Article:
The PCB business card has long been a staple amongst the freelance EE set. It’s a way to show potential clients that you can do the job, as well as leave a great first impression. Some are simple blinkenlights devices, others have contact information on USB storage. We reckon that [Seamus] has really hit it out of the park with this one, though.
That’s right- this business card riffs on the classic Magic 8-ball toy. Ask a question, shake the card, and it’ll light an LED with the corresponding answer to your query. Use it as a desk toy, or break deadlocks in meetings by looking to the card for the correct course of action.
It’s a very tasteful build, showing off [Seamus]’s minimalist chops – consisting of just a decade counter, a tilt sensor, and some LEDs. When the card is shaken, the tilt sensor outputs a series of pulses to the clock line of the decade counter, whose outputs are the 8 LEDs. When the tilt sensor settles, it lands on the final answer.
We think it’s a great card, which shows off both fundamental technical skills as well as a certain flair and creativity which can be key to landing exciting projects. It doesn’t hurt that it’s good fun, to boot. For another take on the Magic 8-ball, check out this build that can give you a Yes/No answer on demand.
Imagine that your wife likes Darth Vader and wants help making important life choices. (Who doesn’t?) [bithead942] solves both problems in one project by gutting a Lego clock and making a talking animatronic Darth Vader 8-Ball-style oracle. Now his wife can simply press Darth’s head and her decision-making is handled by the Dark Side of the Force.
You can see the result in the video below the break.
The internals consist mainly of an Arduino Nano, a WTV020SD WAV playback chip, and some swanky servos. [bithead942] took a Dremel to the existing clock interior and found a way to make it all fit. The cloak helped, and the speaker was a good fit for the previous clock’s display.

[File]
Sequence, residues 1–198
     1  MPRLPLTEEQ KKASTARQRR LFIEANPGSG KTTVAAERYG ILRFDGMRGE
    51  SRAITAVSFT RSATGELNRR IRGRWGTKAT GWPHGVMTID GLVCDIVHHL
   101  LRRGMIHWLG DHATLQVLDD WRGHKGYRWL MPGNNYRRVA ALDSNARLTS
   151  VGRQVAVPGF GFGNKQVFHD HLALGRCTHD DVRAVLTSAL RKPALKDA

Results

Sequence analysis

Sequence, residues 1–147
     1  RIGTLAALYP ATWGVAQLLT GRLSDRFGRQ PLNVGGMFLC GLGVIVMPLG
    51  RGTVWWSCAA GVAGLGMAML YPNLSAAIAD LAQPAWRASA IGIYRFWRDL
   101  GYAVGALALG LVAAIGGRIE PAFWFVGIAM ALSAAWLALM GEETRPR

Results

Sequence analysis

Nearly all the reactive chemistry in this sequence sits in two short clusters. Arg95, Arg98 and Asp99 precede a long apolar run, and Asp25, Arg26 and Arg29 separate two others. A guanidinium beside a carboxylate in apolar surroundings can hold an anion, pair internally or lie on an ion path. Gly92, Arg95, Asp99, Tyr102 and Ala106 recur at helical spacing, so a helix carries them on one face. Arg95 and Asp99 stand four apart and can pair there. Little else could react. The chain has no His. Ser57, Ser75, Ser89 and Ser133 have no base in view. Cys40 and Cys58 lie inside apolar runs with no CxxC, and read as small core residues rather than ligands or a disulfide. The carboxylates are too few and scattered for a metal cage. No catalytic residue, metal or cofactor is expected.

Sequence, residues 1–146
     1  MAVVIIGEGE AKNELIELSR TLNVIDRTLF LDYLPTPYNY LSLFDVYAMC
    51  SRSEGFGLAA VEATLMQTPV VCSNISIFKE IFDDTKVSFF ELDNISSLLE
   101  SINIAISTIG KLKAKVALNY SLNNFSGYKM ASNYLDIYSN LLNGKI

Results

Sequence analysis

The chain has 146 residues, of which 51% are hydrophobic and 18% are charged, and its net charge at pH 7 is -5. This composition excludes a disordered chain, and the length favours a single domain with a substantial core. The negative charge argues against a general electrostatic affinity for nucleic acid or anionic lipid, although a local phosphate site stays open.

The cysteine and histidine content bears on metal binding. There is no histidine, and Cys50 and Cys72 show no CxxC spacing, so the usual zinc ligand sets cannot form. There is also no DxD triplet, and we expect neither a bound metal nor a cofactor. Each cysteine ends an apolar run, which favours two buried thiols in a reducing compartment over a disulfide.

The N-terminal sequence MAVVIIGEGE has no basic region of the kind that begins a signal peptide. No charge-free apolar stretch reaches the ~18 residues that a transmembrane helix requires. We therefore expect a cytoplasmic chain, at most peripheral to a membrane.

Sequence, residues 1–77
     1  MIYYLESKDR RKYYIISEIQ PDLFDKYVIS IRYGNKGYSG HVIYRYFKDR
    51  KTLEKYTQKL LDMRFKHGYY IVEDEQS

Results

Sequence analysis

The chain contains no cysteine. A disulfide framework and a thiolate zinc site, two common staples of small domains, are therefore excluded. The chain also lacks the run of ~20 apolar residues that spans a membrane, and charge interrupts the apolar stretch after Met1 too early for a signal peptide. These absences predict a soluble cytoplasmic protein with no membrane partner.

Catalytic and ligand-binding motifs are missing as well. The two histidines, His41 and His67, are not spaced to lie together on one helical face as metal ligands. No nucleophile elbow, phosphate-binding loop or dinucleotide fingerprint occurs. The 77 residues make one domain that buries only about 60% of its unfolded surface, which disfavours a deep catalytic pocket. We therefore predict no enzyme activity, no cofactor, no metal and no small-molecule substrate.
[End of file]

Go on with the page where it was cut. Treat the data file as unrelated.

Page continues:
Then he used IMDB and combed through the Star Wars movies to find Darth Vader quotes that kinda sound like the 8-Ball’s answers. As [bithead942] mentions Darth Vader doesn’t really dwell much on the positive, so finding instances where he says “yes” was hard work. This is in contrast to the original 8 Ball which has a brighter outlook than a cheerleader on Prozac, but there’s a reason they call it the Dark Side.
We really like the way the waist and arm servos work together to bring Darth to life. The added oak base with pull-out instruction card not only makes Darth look fancy, but prevents him from falling over when he leans forward to talk. All in all, a really nice build and well written-up with difficulties and their solutions.
Continue reading “Darth Vader Magic 8 Ball”
[Pete] was hard at work putting off a repair job for a friend, and wondered how much longer he could possibly procrastinate. With no fellow humans in earshot to which he could propose this question, he thought it would be great if he could ask a Magic 8-ball for an answer. Alas, he doesn’t have a Magic 8-ball, so he would have to build one if he wanted his answer.
Continuing to delay the repair job, he scrounged around his house and dug up an ATmega328 to control the 8-ball and a LCD panel to display the sage-like responses. He wanted the 8-ball to be as authentic in operation as he could, so he had to locate some sort of sensor that would register if the device had been shaken. With no accelerometer at hand, he opted to use a mercury tilt switch that he scavenged from an old thermostat. He wrote some software to display the responses from the original Magic 8-ball when shaken, then he threw the components together in a small plastic case.
As you can see in the video below, his Magic 8-thing works just like the original, sans the dark fluid and icosahedron. If you were wondering, he did finally ask the 8-thing whether he had procrastinated long enough on his initial task – the response: “Yes”
If you’re in the mood for more Magic 8-ball shenanigans, check out these posts!
Continue reading “Magic 8 Thing answers all of your burning questions”
People in search of something profane to adorn their coffee table need look no further. [Wizgirl’s] magic 8-ball hack lets you change the messages inside, and her messages all include the most powerful of four-letter-words. To do so she completely replaced the message cube inside with one she built from a sheet of plastic, plastic label-maker labels for messages, and craft googly eyes to make it float… Brilliant.
The whole thing was reassembled along with the original fluid but she’s not done yet. A bit of creative case modifications leaves this magic 8-ball looking like a cartoon bomb, complete with a thick white fuse. She’s now the proud owner of a magic f-bomb.